CLOSE-QUARTERS BATTLE:
You’re Doing It Wrong

U.S. Army’s base element for CQB relies on a four-man team. During the height of fighting in Iraq in the mid-2000s, SF found the four-man stack lacking when faced with real close-quarters combat. Photo: courtesy DOD

U.S. Army’s base element for CQB relies on a four-man team. During the height of fighting in Iraq in the mid-2000s, SF found the four-man stack lacking when faced with real close-quarters combat. Photo: courtesy DOD

Stacking up—entering a room to conduct close-quarters battle (CQB)—is one of the most dangerous tasks a Soldier or law enforcement officer may have to face. Some of the hardest CQB fighting U.S. forces faced was during the U.S occupation of Iraq in the mid-2000s, from the 1st and 2nd Battles of Fallujah to taking on the Mahdi Army in Baghdad.

With Iraq being a generally flat desert country, insurgents made good use of the only cover available—urban terrain. During these urban operations, Special Operations realized the standard CQB techniques that had been around forever were not getting the job done based off the four-man room clearing method as outlined in Battle Drill 6A (of the Army’s Infantry Rifle Platoon and Squad Manual).

The techniques were unnecessarily exposing friendly assaulters to enemy fire. As a result, by 2006 U.S. Army Special Forces started implementing changes to the SOP on room entry and CQB to meet the real demands of urban fighting. This begs the question, “Why did the standard techniques not work so well in the first place?” One reason is the fact that U.S. military CQB techniques have their roots in hostage rescue (HR), not CQB, where destroying the enemy is the priority.

CQB AND HOSTAGE RESCUE

What is the difference between HR and CQB? Unfortunately, even in the military, many do not know. Even worse, many think there actually is no difference between the two. Here’s the key difference:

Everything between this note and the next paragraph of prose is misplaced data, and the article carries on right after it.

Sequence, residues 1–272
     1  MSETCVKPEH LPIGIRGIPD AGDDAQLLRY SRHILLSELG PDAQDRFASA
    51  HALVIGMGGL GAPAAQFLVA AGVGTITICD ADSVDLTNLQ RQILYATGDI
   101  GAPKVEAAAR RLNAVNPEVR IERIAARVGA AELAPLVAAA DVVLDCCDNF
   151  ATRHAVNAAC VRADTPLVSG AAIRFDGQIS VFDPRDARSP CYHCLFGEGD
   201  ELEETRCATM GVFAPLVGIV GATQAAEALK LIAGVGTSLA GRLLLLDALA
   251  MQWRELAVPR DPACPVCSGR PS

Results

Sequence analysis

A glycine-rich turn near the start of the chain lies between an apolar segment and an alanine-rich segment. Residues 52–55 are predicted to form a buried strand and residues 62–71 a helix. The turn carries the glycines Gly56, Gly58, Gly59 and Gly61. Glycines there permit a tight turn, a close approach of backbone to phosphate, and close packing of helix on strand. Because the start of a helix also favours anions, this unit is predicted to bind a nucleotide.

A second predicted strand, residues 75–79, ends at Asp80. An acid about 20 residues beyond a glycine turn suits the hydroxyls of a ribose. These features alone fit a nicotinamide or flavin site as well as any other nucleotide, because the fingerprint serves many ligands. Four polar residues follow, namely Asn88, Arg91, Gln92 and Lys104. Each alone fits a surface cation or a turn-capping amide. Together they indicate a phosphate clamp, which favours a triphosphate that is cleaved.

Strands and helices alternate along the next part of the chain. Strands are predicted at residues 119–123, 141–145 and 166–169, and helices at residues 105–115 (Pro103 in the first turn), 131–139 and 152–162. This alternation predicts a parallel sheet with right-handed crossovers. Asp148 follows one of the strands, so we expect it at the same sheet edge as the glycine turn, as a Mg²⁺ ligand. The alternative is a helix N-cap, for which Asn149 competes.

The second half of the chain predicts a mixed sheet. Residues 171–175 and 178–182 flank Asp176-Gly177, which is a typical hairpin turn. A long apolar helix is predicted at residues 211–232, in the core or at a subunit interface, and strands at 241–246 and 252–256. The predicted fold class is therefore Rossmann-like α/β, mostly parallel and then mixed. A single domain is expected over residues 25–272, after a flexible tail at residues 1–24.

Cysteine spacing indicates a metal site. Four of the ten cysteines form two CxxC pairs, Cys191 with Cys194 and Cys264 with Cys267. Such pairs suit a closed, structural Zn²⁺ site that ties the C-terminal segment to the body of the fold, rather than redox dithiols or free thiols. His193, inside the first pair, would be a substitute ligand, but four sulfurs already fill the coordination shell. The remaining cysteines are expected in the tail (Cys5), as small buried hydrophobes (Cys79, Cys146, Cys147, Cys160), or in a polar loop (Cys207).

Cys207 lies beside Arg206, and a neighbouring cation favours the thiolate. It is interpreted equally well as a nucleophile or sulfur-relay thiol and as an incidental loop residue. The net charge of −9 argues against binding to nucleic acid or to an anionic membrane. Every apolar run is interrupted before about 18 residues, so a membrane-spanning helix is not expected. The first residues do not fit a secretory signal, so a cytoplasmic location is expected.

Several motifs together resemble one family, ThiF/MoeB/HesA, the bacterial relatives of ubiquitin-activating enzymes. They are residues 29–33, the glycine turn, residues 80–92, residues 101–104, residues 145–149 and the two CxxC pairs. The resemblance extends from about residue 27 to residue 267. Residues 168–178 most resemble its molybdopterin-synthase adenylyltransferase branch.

In HR, the hostage comes first, while in CQB, the friendly assaulter’s own life is important. As previously mentioned, the Army’s foundation for how to conduct room clearing is Battle Drill 6A, based off a four-man team (or stack).

Diagram of Battle Drill 6A from FM 3-21.8, The Rifle Platoon and Squad. Job of number one and two man is to clear the corners first.

Diagram of Battle Drill 6A from FM 3-21.8, The Rifle Platoon and Squad. Job of number one and two man is to clear the corners first.

Battle Drill 6A directs how each team member should enter, and the responsibilities and sectors each member of the stack should focus on and clear. The method relies on all four members of the team entering the room almost simultaneously, flooding the room with assaulters, with crisscrossing sectors of fire covering all threats. Sounds good, right? Unfortunately, this is HR based, not CQB based.

In order to flood the room with maximum speed with all four team members, it relies on the number one and two man entering the room and clearing their corners first before engaging any targets in the center of the room. This is basically to make a safe pathway for the number three and four man to enter and shoot any threats in the center of the room.

From the enemy’s point of view: No matter how tight the stack is, when the number one and two man are clearing corners first, there is a gap in coverage where, if threats are in the center of the room, they have a chance to shoot at the number one and two man before the number three and four man enter and engage them.

From the enemy’s point of view: No matter how tight the stack is, when the number one and two man are clearing corners first, there is a gap in coverage where, if threats are in the center of the room, they have a chance to shoot at the number one and two man before the number three and four man enter and engage them.